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Uber Technologies Inc. has not had the best of times with the courts in recent times. On Friday, it suffered an important defeat as it lost an employment tribunal challenge in the Supreme Court in the UK. The apex court in the country ruled that drivers must be classified as workers entitled to a minimum wage and vacation time, and not as independent workers which would deprive them of employment benefits.

The case is one that has garnered attention from many corners because of the effect it will have on the gig economy, especially the business of companies like Uber that rely on a labor force of independent servicers to provide services ranging from car rides to delivering food.

Uber echoes the sentiment of other gig-economy companies that their model gives people the flexibility to choose their hours of work, while critics counter that it erodes job protection and the traditional relationship between a company and an employee.

In 2020, Uber was sued by the California Supreme Court for failing to comply with Assembly Bill 5 and to ensure that company drivers received the status of “employees”. The British Supreme Court’s ruling on Friday is expected to set a precedent for others across neighboring countries. An employment tribunal will decide how to reward the drivers, who alleged that Uber behaved more like an employer by setting rates, assigning rides, requiring drivers to follow certain routes, and using a rating system to discipline drivers, reducing the scope of flexibility.

Uber first entangled with the matter in 2016 when the Employment Tribunal ruled in favor of two former Uber drivers, Yaseen Aslam and James Farrar. They had alleged that Uber did not pay minimum wage and failed to provide paid leave. Uber defended the claim, arguing that the claimants were not “workers”, and therefore were not afforded protection under employment law.

After Friday’s ruling, this matter, hopefully, will change.

Nigel Mackay, a partner at Leigh Day, the law firm representing the drivers, said that Uber would have to begin providing a minimum wage and holiday time to drivers or risk facing a wave of cases from others. Mr. MacKay said he hoped the decision would provide a stronger legal basis for other countries to provide more labor protections for gig workers.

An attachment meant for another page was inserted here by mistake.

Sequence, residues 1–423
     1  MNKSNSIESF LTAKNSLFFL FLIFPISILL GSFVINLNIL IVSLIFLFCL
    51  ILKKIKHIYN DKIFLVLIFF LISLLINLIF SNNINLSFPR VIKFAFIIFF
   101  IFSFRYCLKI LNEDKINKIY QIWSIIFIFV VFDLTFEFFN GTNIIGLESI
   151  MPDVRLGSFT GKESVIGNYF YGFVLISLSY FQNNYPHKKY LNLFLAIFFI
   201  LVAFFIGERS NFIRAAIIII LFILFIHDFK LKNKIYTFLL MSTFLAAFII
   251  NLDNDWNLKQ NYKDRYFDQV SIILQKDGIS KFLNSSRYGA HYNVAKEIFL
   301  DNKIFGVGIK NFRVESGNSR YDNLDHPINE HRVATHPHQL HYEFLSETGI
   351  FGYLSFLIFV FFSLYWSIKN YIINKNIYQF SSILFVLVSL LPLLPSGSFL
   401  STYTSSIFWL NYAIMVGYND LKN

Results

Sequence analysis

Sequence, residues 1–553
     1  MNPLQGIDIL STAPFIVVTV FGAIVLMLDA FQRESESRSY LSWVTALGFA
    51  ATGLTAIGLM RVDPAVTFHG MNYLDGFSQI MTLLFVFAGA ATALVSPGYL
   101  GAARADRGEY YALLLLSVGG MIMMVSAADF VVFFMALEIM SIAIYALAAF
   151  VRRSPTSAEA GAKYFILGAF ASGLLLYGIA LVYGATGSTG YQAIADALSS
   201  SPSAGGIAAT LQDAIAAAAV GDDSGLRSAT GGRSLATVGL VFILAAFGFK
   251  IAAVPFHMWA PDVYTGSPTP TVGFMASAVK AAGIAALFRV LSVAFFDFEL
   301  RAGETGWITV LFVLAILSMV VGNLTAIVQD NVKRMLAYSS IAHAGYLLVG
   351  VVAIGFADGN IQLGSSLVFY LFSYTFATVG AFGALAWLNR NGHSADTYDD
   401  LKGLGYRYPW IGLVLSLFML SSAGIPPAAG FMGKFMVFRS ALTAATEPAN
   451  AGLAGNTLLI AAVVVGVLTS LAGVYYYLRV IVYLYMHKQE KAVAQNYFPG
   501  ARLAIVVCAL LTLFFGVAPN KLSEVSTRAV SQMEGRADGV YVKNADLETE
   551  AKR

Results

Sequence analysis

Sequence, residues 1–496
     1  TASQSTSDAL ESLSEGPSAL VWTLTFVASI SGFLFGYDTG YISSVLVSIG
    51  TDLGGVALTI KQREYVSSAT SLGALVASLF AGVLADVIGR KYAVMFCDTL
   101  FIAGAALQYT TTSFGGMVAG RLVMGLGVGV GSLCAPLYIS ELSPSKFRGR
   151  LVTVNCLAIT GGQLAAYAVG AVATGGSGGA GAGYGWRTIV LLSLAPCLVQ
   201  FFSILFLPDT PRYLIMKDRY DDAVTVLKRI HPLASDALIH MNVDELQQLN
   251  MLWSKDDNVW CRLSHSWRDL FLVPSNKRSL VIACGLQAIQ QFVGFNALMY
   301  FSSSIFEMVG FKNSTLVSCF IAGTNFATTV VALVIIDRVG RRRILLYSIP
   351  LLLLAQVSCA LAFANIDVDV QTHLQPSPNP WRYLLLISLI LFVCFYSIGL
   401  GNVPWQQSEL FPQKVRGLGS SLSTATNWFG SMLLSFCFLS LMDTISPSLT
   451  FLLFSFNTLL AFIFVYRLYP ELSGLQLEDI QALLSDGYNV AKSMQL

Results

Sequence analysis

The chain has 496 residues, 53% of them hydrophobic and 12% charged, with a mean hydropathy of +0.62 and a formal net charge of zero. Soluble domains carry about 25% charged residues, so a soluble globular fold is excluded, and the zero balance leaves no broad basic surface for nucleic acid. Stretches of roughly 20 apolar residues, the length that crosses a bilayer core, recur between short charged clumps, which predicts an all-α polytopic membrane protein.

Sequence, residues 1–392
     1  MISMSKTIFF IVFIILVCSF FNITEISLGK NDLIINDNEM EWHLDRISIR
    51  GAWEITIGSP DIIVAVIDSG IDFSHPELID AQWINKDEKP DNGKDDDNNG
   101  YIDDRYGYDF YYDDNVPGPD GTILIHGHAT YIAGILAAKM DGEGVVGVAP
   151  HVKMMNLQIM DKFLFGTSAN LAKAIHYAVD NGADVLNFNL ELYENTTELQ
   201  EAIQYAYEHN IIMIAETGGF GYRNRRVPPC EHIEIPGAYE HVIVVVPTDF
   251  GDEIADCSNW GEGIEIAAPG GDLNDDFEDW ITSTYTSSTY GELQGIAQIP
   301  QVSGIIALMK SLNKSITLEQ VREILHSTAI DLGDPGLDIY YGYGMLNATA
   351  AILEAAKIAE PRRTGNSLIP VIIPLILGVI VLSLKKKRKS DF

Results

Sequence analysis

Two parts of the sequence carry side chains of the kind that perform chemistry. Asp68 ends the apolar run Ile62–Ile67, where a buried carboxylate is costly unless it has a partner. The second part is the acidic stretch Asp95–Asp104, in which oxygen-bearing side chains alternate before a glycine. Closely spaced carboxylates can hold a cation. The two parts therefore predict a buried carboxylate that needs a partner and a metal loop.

“People around the world will be following this decision,” he said.

Uber has been working against efforts to classify drivers as employees. In California, it funded a successful ballot measure by the name of California Proposition 22, exempting itself from  providing health care, unemployment insurance, and other benefits to its drivers. Uber said that it was pushing for some of the same principles that were  featured in the Prop 22 ballot initiative.

This case is a massive win for Uber drivers and gig economy workers since they will finally be able to get out of the “position of subordination and dependency to Uber” and get employment protections they currently don’t have.

Currently, the gig economy has around 60,000 drivers in the UK, and extending employee benefits to all of them would cripple the company. Uber had said earlier that it aimed to “reduce driver incentives” and expected driver dissatisfaction to increase as a result. It said that its business would be “adversely affected if drivers were classified as employees instead of independent contractors”.

This ruling set a precedent that may work against other businesses which depend on the gig economy as well. Companies like Ola operate similar models where people are hired on a job-by-job basis. While this ruling does not mean that everyone in the gig economy can be classed as a “worker”, it opens the door for them to bring similar legal challenges.